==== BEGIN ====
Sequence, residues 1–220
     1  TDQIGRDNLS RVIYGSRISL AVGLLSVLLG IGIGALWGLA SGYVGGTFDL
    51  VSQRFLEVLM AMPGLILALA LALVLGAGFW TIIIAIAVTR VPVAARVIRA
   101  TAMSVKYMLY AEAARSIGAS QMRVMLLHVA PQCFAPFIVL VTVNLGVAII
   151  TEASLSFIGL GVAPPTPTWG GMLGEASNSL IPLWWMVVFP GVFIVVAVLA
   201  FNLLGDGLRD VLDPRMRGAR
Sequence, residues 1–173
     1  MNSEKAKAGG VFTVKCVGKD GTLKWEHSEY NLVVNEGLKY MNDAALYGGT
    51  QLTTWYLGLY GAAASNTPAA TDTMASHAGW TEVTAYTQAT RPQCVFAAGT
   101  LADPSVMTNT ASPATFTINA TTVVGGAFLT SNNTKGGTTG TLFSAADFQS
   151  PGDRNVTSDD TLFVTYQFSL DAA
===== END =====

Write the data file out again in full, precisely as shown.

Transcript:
Sequence, residues 1–220
     1  TDQIGRDNLS RVIYGSRISL AVGLLSVLLG IGIGALWGLA SGYVGGTFDL
    51  VSQRFLEVLM AMPGLILALA LALVLGAGFW TIIIAIAVTR VPVAARVIRA
   101  TAMSVKYMLY AEAARSIGAS QMRVMLLHVA PQCFAPFIVL VTVNLGVAII
   151  TEASLSFIGL GVAPPTPTWG GMLGEASNSL IPLWWMVVFP GVFIVVAVLA
   201  FNLLGDGLRD VLDPRMRGAR
Sequence, residues 1–173
     1  MNSEKAKAGG VFTVKCVGKD GTLKWEHSEY NLVVNEGLKY MNDAALYGGT
    51  QLTTWYLGLY GAAASNTPAA TDTMASHAGW TEVTAYTQAT RPQCVFAAGT
   101  LADPSVMTNT ASPATFTINA TTVVGGAFLT SNNTKGGTTG TLFSAADFQS
   151  PGDRNVTSDD TLFVTYQFSL DAA